Posts tagged with "Voter Registration"

Presidents Illustration for 360 Magazine by Maria Soloman

Biden vs. Trump: First Debate

The first presidential debate took place on September 29 and it made waves on social media. The dispute was borderline chaotic with candidates shouting over each other and quite frankly immaturity from each party. 

Moderator Chris Wallace tried to keep things civil, but with minimal success. From coronavirus to white supremacy, topics were covered that everyone should know each candidate’s stance on. Although summarizing the entire debate would be nearly impossible, some of the most notable moments are recapped below. 

One of the most memorable parts of the night was when Trump refused to condemn white supremacy. Wallace asked Trump if he was specifically ready to call out this group of terrorists and Trump said he was prepared to do so but immediately blamed recent violence on “the left-wing.” Wallace and Biden continued to encourage Trump to criticize “right supremacists and right-wing militia” to which Trump responded, “proud boys, stand back and stand by.” This comment only fueled the Proud Boys organization and group lead Joe Biggs commented on the social media platform Parler that the comment “makes me so happy.” 

Biden did not shy away from calling out Trump’s racism. “This is a President who has used everything as a dog whistle to try to generate racist hatred, racist division,” said Biden. However, supporters of Trump have been brushing the Proud Boys comment off as a misinterpretation. The president’s son, Donald Trump Jr. vindicated his father’s comment. “I don’t know if that was a misspeak, but he was talking about having them stand down,” Trump Jr. explained to CBS News’ Gayle King. 

An unavoidable debate topic is the ongoing coronavirus pandemic and the steps Trump has taken to combat the disease. When asked about a reopening plan Biden commented that he “would know what the plan is,” for a safe reopening when the time is right. He was interrupted by Trump who said “he [Biden] wants to shut down this country and I want to keep it open.” Trump continued to bash democratic governors for shutting down states and claimed this was only for political reasons. 

Although Trump has been seen in public various times not wearing a mask, despite the advice of health professionals, during the debate he said “I’m okay with masks. I’m not fighting masks.” Trump also mentioned how Dr. Anthony Fauci agreed Trump saved thousands of lives. Trump continued to attack Biden for all of the losses the country endured during the Swine Flu.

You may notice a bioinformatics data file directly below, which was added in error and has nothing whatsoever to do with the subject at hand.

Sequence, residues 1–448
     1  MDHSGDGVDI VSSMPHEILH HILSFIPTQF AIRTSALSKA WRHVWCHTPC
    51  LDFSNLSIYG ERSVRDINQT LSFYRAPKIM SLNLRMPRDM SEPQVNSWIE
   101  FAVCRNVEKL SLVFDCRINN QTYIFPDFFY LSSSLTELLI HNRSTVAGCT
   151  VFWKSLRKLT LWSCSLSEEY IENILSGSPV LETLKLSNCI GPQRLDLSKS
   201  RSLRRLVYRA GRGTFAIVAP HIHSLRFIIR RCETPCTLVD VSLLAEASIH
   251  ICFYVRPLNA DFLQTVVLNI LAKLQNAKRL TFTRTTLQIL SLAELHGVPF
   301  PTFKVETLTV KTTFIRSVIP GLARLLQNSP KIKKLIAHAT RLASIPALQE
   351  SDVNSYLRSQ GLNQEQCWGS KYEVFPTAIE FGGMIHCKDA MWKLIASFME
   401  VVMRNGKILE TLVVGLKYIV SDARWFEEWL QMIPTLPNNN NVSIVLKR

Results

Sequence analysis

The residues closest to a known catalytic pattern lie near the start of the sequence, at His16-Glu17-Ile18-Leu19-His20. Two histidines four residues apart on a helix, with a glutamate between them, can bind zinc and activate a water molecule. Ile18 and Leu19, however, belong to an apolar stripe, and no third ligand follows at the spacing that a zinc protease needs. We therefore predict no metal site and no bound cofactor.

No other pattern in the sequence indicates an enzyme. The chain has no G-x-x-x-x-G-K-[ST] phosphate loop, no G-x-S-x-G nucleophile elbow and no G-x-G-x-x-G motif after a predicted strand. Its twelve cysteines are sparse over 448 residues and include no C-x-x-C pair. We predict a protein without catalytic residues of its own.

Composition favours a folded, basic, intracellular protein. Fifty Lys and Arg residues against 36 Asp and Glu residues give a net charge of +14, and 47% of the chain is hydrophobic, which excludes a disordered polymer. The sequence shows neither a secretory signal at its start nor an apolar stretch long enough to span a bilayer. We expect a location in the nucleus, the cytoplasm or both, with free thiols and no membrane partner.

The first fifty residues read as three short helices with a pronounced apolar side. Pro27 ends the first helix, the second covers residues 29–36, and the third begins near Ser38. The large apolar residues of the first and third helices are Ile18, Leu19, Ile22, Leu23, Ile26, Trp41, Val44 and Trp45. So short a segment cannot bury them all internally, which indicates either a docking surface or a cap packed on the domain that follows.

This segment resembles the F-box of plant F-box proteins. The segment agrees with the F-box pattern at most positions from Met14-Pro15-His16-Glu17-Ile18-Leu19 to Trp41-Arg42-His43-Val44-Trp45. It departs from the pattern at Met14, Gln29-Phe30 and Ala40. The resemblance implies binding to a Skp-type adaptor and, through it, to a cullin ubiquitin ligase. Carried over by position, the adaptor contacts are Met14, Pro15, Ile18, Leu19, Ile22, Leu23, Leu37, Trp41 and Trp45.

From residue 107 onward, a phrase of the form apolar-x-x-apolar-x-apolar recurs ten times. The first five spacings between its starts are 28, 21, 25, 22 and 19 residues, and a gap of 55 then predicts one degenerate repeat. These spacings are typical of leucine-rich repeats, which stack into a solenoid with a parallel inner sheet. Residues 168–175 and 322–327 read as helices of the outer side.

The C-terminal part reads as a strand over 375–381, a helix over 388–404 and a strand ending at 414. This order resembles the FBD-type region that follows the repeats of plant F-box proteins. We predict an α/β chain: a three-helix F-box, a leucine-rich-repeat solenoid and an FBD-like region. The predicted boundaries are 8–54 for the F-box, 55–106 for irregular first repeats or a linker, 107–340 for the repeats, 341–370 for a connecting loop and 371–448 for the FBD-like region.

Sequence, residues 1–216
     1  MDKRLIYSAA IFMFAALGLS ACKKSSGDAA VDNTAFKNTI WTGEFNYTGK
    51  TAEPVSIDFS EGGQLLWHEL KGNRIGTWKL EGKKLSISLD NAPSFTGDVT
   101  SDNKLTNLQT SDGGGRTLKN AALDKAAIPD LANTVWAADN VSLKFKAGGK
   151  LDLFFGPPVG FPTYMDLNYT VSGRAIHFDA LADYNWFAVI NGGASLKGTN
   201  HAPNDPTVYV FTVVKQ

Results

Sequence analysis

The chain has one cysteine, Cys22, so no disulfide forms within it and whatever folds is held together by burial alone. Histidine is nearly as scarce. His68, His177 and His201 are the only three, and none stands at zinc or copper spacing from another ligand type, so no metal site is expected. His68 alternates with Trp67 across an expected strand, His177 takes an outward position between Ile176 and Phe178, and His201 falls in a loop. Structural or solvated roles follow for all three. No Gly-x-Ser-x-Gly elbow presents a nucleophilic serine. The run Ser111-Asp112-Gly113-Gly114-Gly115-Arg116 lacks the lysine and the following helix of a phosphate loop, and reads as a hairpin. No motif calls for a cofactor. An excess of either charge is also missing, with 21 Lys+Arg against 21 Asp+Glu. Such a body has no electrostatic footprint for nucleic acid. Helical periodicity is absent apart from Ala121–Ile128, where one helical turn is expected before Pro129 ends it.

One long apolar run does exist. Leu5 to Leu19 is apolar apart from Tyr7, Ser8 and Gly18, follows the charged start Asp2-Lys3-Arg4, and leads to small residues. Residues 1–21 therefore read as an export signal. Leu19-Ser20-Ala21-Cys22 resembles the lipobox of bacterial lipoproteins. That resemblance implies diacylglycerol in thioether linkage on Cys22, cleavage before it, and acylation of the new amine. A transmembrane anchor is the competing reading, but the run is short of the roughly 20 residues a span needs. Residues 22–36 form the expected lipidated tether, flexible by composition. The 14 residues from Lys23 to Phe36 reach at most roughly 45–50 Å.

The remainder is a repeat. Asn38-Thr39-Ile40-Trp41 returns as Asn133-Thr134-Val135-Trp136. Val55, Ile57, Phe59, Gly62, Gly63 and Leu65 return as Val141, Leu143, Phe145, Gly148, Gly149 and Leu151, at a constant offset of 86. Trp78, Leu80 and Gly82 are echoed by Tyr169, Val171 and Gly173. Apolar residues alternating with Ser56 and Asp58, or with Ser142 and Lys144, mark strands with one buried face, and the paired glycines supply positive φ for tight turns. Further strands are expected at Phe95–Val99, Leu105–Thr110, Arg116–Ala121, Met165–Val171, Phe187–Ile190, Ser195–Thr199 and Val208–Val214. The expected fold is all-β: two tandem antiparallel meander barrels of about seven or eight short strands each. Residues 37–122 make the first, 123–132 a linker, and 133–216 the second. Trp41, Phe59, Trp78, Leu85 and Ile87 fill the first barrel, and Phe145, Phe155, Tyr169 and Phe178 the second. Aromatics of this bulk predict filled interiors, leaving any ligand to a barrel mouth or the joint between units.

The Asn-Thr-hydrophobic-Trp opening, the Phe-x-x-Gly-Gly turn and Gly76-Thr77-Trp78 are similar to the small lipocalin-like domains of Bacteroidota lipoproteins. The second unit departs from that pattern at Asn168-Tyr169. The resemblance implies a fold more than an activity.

Through the debate, Biden remained composed during Trump’s offense comments and interruptions. Instead of losing it, he made small remarks that established his thoughts on Trump as a candidate. Biden also exchanged a fair share of side glares and head shakes to many of Trump’s points. “You’re the worst president America has ever had. Come on,” said Biden later in the debate. 

One quote by Biden, “Will you shut up man?” was a popular line from the debate that has been reposted on social media. This saying has already been plastered across a t-shirt that advocates for Biden. One post by @thefeministvibe on Instagram received over twelve thousand likes for posting this quote and their opinion on it. 

Another debate topic voters have been eager to hear the two candidates debate is the plan to replace late Supreme Court Justice Ruth Badar Ginsburg. Trump has recently nominated Amy Coney Barrett to take the place of Ginsburg. Nevertheless, there has been controversy surrounding Trump’s selection of a supreme court justice due to the rules implemented when Obama was still in office. 

Biden tried to lead the discussion about the supreme court into a conversation about health care. He mentioned that a Supreme Court with a 6-3 conservative majority would overturn many decisions that have already been made. This includes the Affordable Care Act and Roe V. Wade that made abortion legal nationally. 

The next presidential debate will be at 9 p.m. on Thursday, October 15. There is suspicion that the moderator will be able to cut the microphones of the candidates if they don’t obey the rules. Hopefully, the next debate will be less of a shouting match and a little more contained.

Mina Tocalini, 360 Magazine, Mail-in Ballots

Rice University × VotingWorks

Rice University researchers are teaming with nonprofit VotingWorks to validate and improve open-source technology for voting by mail, work that will give local elections officials an important option if they’re flooded with applications from voters asking to cast mail ballots in November due to the COVID-19 pandemic.